August 8, 2007

Jordan's King Abdullah II has stated that economic reform is one of his top priorities, yet it remains hindered by two major obstacles: a lack of public support, and the government's inability to implement deep reform.

In Rethinking Economic Reform in Jordan: Confronting Socioeconomic Realities, Sufyan Alissa argues that the general public is skeptical about reforms because previous efforts failed to address the major social and economic problems affecting the majority of its citizens. Likewise, reform efforts face severe resistance from elites who benefit from the status quo.

Key Findings:  

  • Initiated under severe economic crisis conditions, the reform process in Jordan has been slow, selective, and uncoordinated. Jordan has stabilized its economy and engaged in a process of trade and financial liberalization and privatization, but has failed to find long-lasting solutions to the major social and economic challenges facing it. Informal safety nets have helped Jordanians cope with rising prices and reduced the impact of poverty and unemployment, delaying a stronger push for deep economic reform.

  • Jordan needs to confront its major social and economic realities, including poverty, unemployment, public debt, and high dependency on foreign aid. Failure to address these challenges may pose a real threat to social and political stability in the country, especially given the political frustration linked to unresolved problems in the region such as the Arab–Israeli conflict and the war on Iraq.

  • The design and implementation of economic reforms are generally limited to the ruling elite. Given the high turnover in Jordan's government, there is little incentive for it to implement controversial reforms. Young elites who champion reform are often disconnected from the socioeconomic realities the population faces, and as such, lack public support for their efforts.

  • Civil society, political parties, and unions in Jordan are weak, and their role in supporting or blocking reform is limited. Hence the state did not perceive these groups as influential stakeholders to be considered in the process of designing and introducing reform measures.

  • The international donor community should support deeper reform and sustainable and equitable growth. They should give more attention to building institutional capacity and social safety net, and should develop more programs for poor communities and to empower the youth.

“ Jordan faces key social and economic challenges, but these challenges have not yet reached the breaking point,” writes Sufyan Alissa. “The impact of such challenges on the social and economic conditions of the populations and the political stability of Jordan has been cushioned by current availability of external rents—namely remittances from abroad and foreign aid—and economic and political manipulation by the regime.”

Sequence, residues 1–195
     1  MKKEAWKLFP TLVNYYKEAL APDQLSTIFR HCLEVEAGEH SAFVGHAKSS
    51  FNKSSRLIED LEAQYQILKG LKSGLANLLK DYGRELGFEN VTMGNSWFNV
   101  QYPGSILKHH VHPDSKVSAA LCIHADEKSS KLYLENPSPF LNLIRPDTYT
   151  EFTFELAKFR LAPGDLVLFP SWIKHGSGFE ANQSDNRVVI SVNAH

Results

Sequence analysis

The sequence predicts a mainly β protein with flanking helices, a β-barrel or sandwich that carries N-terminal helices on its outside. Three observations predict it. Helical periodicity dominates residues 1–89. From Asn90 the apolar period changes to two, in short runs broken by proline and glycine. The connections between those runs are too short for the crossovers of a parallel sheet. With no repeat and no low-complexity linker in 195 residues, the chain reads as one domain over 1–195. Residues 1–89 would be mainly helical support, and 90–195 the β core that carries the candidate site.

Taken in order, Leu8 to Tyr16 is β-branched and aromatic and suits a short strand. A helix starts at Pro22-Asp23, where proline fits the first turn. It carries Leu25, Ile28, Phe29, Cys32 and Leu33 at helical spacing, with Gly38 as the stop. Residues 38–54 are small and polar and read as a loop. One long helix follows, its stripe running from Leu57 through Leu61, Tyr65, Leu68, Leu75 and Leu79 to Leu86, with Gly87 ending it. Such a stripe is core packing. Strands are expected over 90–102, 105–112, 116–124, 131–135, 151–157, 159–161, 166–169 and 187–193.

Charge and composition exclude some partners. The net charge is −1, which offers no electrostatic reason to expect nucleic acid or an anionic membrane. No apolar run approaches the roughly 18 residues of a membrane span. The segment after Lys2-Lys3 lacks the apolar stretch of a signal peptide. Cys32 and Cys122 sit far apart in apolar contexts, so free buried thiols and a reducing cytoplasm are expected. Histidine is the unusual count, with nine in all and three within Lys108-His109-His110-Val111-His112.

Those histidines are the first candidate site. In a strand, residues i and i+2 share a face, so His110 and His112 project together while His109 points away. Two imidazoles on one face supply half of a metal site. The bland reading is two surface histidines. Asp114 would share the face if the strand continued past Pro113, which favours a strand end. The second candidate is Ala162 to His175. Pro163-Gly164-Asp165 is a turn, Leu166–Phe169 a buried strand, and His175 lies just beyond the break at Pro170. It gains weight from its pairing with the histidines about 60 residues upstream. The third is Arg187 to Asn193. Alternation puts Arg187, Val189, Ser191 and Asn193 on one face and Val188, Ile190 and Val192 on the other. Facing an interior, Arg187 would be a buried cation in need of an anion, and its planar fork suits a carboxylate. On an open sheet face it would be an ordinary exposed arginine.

1. To read this Carnegie Paper, go to
    Direct link to the PDF:
    Direct link to the Arabic translation:

  2. Sufyan Alissa is an associate at the Carnegie Endowment's Middle East Center. An economist and specialist on Middle Eastern affairs, he previously served at Nuffield College-University of Oxford, the School of Oriental and African Studies-University of London and City University in London. He worked as a consultant for many international institutions, including the International Labor Organization and United Nations Development Program. He received his PhD from SOAS, University of London.

  3. This Carnegie Paper is part of a larger series assessing economic reform efforts in seven countries in the Arab world. Over the next two years, Carnegie scholars will analyze and report on a diverse selection of countries in hopes of generating conclusions for economic reform in the Arab world as a whole.

  4. To request an interview with Sufyan Alissa, please contact Trent Perrotto, 202/939-2372,

  5. The Carnegie Middle East Center is a public policy research center based in Beirut, Lebanon, and established by the Carnegie Endowment in 2006.

  6. The Carnegie Endowment for International Peace is a private, nonprofit organization dedicated to advancing cooperation between nations and promoting active international engagement by the United States. Founded in 1910, its work is nonpartisan and dedicated to achieving practical results. The Endowment has added operations in Beijing, Beirut, and Brussels to its longstanding offices in Washington and Moscow as part of its transformation into the first global think tank.